The Miami Dolphins have been a team toiling in obscurity for the better part of two decades. Then, they decided to tear it down and rebuild. For that rebuild to be successful, they need to find the overlooked players that possess high potential. The diamonds in the rough, so to speak. Players like fifth-round draft pick Jason Strowbridge, who has quality potential if he can polish some aspects of his game.
The North Carolina offense grabbed most of the headlines for the Tar Heels, and for good reason. Mack Brown returned to the college ranks and is building a formidable offense with the likes of Sam Howell, Dazz Newsome, and Dyami Brown. But it was the Tar Heels defense that the Dolphins turned to with their selection of Strowbridge to boost their defensive line depth.
Taking a chance on a talent like Jason Strowbridge
Strowbridge is the epitome of a late-round pick. He’s a guy with a great athletic profile who never seemed to live up to his potential. A player who flashes incredible ability on tape at times, but who also has some significant question marks in his game.
The NFL Draft is a game of risk management. Some risks are more worth taking than others. The risk of taking an athletic specimen in the fifth round who needs time to develop? That’s a risk worth taking, and the Dolphins agreed.
What was it the Dolphins saw in Strowbridge to believe in his potential? Where does Strowbridge need to develop before he capitalizes on that potential? Let’s take a look at his RAS to help paint the picture.
Jason Strowbridge’s Relative Athletic Score (RAS)
When you’re drafting a player on the third day of the NFL Draft, you’re typically getting one of three types. The first is an ultra-productive player who either played at a small school with lesser competition or had poor athletic testing. The second is a player who is coming off an injury, but who shows promise when healthy.
Then you have the third: A player who is a freakish athlete but doesn’t necessarily have a set place or position in the NFL. Such is the case for former North Carolina defensive tackle. Potential is the name of the game with Strowbridge.
Strowbridge came into the NFL Combine and put up some staggering numbers. With an overall RAS grade of 9.48, Strowbridge was able to achieve “Great” marks in each of the three categories that comprise a RAS grade: Explosion, Agility, and Speed. That speaks to the incredible amount of potential there is in Strowbridge, waiting to be unlocked.
Some questionable RAS numbers for Strowbridge
However, it’s not quite all sunshine and rainbows in Strowbridge’s RAS. Strowbridge oozes potential, but there are some areas that prove worrisome, such as Strowbridge’s size. Coming in at just 275 pounds, Strowbridge scored a 1.0 in the weight category. Only 137 defensive tackles have come in lighter at the combine or their Pro Day than Strowbridge since 1987.
Strowbridge’s performance in the bench press is also a cause for some concern. He was only able to put up 26 reps of 225 pounds at the Combine. While that’s a respectable number, it’s only good for a 6.24 RAS score and is an area Strowbridge will need to improve upon if he is to reach his full potential.
Jason Strowbridge has potential
Potential is great, but it also gets people fired. Dolphins coaches aren’t going to care about the potential with Strowbridge – it’s about what he can do when he sees the field. What are his strengths? Where does he need improvement? Is he too far away to be worth the wait? Those are the questions he’ll need to answer in a hurry. It’ll be even more pressing this year with the potential elimination of pre-season games to display his skills and continue his growth.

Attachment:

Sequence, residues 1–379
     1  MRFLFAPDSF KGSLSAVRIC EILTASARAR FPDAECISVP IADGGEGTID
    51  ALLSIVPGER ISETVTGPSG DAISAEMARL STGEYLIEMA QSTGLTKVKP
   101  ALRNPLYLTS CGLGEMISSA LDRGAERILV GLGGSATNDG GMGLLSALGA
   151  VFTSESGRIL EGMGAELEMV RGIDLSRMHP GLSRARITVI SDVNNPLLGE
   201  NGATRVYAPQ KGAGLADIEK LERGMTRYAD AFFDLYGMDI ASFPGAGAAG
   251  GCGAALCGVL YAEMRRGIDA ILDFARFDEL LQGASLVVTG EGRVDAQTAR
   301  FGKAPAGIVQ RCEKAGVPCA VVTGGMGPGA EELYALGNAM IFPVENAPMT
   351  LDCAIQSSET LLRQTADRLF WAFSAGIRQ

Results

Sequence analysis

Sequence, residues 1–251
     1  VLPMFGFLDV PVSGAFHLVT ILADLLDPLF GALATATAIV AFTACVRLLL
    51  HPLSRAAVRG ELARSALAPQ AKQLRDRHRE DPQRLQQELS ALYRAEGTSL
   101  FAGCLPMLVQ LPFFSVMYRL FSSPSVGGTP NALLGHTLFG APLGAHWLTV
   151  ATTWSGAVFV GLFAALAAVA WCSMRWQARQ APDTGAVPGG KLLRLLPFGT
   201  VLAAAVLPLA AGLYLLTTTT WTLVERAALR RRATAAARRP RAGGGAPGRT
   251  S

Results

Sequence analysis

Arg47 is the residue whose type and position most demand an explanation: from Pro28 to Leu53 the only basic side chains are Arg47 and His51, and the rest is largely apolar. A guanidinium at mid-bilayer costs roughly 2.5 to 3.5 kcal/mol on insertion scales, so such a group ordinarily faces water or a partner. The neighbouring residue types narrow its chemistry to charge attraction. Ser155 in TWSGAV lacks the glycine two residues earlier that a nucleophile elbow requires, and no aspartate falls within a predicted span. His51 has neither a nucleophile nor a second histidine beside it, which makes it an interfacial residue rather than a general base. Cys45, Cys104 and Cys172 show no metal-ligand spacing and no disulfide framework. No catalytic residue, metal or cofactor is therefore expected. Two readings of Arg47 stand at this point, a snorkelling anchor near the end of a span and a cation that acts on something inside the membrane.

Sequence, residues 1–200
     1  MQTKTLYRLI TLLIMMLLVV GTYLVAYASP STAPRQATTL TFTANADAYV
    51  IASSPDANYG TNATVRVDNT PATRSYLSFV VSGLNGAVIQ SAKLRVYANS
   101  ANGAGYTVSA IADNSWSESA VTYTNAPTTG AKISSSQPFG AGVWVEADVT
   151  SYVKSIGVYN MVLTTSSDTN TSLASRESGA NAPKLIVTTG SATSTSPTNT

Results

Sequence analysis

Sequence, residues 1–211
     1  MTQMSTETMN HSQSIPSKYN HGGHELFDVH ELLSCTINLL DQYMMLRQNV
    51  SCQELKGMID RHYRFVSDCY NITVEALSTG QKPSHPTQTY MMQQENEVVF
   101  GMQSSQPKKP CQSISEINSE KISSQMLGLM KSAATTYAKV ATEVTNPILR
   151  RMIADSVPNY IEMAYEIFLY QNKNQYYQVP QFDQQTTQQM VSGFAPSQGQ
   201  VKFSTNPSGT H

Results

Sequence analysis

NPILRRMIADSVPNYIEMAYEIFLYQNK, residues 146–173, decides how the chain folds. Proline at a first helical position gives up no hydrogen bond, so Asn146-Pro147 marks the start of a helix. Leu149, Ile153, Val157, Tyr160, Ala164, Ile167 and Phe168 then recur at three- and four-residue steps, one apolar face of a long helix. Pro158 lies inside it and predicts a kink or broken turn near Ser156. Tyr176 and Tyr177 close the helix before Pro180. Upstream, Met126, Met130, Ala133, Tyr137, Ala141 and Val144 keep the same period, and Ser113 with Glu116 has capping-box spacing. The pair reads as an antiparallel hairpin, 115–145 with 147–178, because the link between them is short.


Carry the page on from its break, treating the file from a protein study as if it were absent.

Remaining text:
For a snapshot of what the Dolphins are getting with Strowbridge right now, we turn to Pro Football Network’s senior NFL Draft analyst, Tony Pauline. In his pre-draft scouting report of Strowbridge, Pauline described Strowbridge as an “explosive three-technique prospect who plays with incredible athleticism. Bends his knees, plays with proper pad level and consistently gets leverage on opponents. Fires off the snap, works his hands throughout the action, and keeps his feet moving.
“Quickly changes direction, nicely redirects to ball carriers and makes plays in every area of the field. Flows down the line to get outside the box and covers a lot of area. Instinctive, gives effort in all areas, and wraps up tackling.”
Is Jason Strowbridge a diamond in the rough?
Strowbridge has potential – that’s clear. But the NFL is littered with players who had potential, were incredible athletes, and washed out of the league anyway. The game doesn’t care about your potential, it cares about what you can do on the field. That’s going to be the question for Strowbridge going forward: How quickly can he capitalize on his potential and see the field as anything more than a rotational piece?
If Strowbridge is going to be a contributor, let alone a vital piece to the Dolphins’ rebuild, he’s going to have to bulk up significantly. His weight simply isn’t going to cut it at defensive tackle, and he doesn’t have the skill set of an EDGE rusher. The Dolphins are likely going to ask Strowbridge to put on a good 15-30 pounds before he sees the field.
If Strowbridge is able to put on that weight and improve his functional strength, it will go a long way towards endearing himself to the coaching staff. If he can do that while maintaining the speed and explosiveness that makes him a special athlete, Miami may have found a diamond in the rough.